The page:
Patients and Methods



A prospective double-blinded randomized controlled trial that was performed at TUH and Thai Clinical Trials Registry (TCTR) identification number is TCTR20210622001, it was done from August 2016 to February 2018 on 100 neonates with RD and needed MV and exposed to FIO2 >21%, Approval from Ethical Committee of the college of Medicine, TUH was taken, and informed consent from the family of the studied neonates was done before the study. The examined neonates (n = 100), Group 1: 50 preterm who had given Vit D and Group 2: 50 preterm who had given placebo in the form of 2 ml distilled water where lottery method was done by foreign neonatologists for simple random sample.

Plasma KL-6 and urinary B2M were monitored at the 1st and 14th days of hospitalization and used as markers of neonatal BPD.

Established cases of BPD were diagnosed as prolonged O2 requirement as a result of high O2 exposure for 28 days or more with abnormal chest X-rays revealing multiple opacifications with high density.[3]

Inclusion criteria

Premature neonates suffering from severe RD needing MV and exposed to FIO2 >21%.

Exclusion criteria

Full-term neonates, neonatal infections, congenital anomalies, HIE, death, and transfer to another incubator.

Primary outcome

Development of BPD in the studied neonates.

Secondary outcomes

Development of pneumothorax or pulmonary hemorrhage in the studied neonates.

Group 1 (n = 50): They had received single daily enteral 8 drops of Vit D (800 IU) for 2 weeks.[16],[17]

The sample size and power analysis were done by Epi-Info software statistical package created by World Health organization and center for Disease Control and Prevention, Atlanta, Georgia, USA version 2002.[18] The criteria used for sample size calculation were as follows: 95% confidence limit, 80% power of the study, the sample size was found at n = 50 neonates in each group.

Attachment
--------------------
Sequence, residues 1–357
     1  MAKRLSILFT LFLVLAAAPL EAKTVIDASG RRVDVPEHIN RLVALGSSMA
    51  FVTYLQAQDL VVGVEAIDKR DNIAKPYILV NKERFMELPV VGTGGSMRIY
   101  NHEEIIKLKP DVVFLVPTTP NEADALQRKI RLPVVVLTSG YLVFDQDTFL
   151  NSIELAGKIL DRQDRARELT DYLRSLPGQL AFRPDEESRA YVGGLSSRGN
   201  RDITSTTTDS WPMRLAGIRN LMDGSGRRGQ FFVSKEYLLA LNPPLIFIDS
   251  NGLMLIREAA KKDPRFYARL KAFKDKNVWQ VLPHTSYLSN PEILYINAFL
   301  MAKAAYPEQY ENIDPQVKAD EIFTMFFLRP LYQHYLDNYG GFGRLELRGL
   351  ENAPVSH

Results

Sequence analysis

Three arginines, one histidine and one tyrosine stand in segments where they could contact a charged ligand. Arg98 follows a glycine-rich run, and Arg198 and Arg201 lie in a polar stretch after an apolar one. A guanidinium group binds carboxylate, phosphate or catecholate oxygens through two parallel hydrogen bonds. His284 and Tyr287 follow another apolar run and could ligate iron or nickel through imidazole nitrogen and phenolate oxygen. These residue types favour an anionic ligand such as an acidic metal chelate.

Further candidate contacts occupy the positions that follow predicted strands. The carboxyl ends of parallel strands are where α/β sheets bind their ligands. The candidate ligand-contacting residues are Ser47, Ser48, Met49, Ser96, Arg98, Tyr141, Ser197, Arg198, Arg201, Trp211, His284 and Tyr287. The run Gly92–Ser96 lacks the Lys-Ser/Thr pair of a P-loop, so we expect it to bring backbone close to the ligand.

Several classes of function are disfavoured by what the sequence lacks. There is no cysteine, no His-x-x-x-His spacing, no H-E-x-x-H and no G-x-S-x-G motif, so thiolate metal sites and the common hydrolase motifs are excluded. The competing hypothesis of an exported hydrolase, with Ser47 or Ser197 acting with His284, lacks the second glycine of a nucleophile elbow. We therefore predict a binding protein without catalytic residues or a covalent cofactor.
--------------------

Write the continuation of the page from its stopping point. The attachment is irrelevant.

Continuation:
Determination of plasma KL-6

The plasma KL-6 levels were measured using ELISA.

Estimation of urinary β2-microglobulin

The urinary B2M level was measured by ELISA.

Statistical analysis

Using SPSS version 21, IBM, Armonk, NY, USA, mean ± standard deviation were used. P < 0.05 was considered as a statistically significant.

 Results



The studied neonates (n = 100), Group 1 (n = 50) who had given Vit D, and Group 2 (n = 50) who received placebo. No side effects were detected in cases of Group 1 from Vit D supplementation.

There were 141 cases who assessed for eligibility where 41 cases were exclude by exclusion criteria and the studied 100 cases were randomized divided into 50 neonates who have vit D supplementation, in which there were 2 cases who developed established BPD and 50 cases who have placebo, in which 9 cases who developed established BPD [Figure 1].{Figure 1}

There were 1 case in Group 1 and 2 cases in Group 2 which developed pneumothorax and there were 1 case in Group 1 and 2 cases in Group 2 which developed pulmonary hemorrhage and this may be attributed to an adverse effect of MV to the studied premature neonates.

[Table 1] shows no significance as regard all its items (weight, GA, Down score, duration of MV and exposure to FIO2 >21%, mode of delivery and sex) and the P value was >0.05.{Table 1}

[Table 2] shows that in Group 1, plasma KL-6 on the 1st day of hospitalization was 103.1 ± 31 U/ml, while plasma KL-6 on the 14th day of presence in the incubators was 75.6 ± 20 U/ml, with statistically significant difference (SSD) (P < 0.05), while in Group 2, plasma KL-6 on the 1st day of hospitalization was 102.9 ± 32 U/ml, and the plasma KL-6 level on the 14th day of admission was 99.3 ± 30.2 U/ml with no SSD (P > 0.05). There was no SSD in plasma KL-6 between both groups (P > 0.05) on the 1st day, but there was SSD in plasma KL-6 between Groups 1 and 2 (P < 0.05) on the 14th day in the incubator.{Table 2}

[Table 3] illustrates that in Group 1, urinary B2M on the 1st day of admission was 3.2 ± 0.9 mg/L, while urinary B2M on the 14th day of presence in the hospital was 1.8 ± 0.5 mg/L, with SSD between 1st and 14th days (P < 0.05). In Group 2, urinary B2M on the 1st day of hospitalization was 3.3 ± 0.85 mg/L, and urinary B2M on the 14th day of hospitalization was 3.1 ± 0.6 mg/L, with no SSD (P > 0.05). There was no SSD in urinary B2M between Groups 1 and 2 (P > 0.05) on the 1st day, but there was SSD in the urinary B2M between the 2 groups (P < 0.05) on the 14th day in the hospital.{Table 3}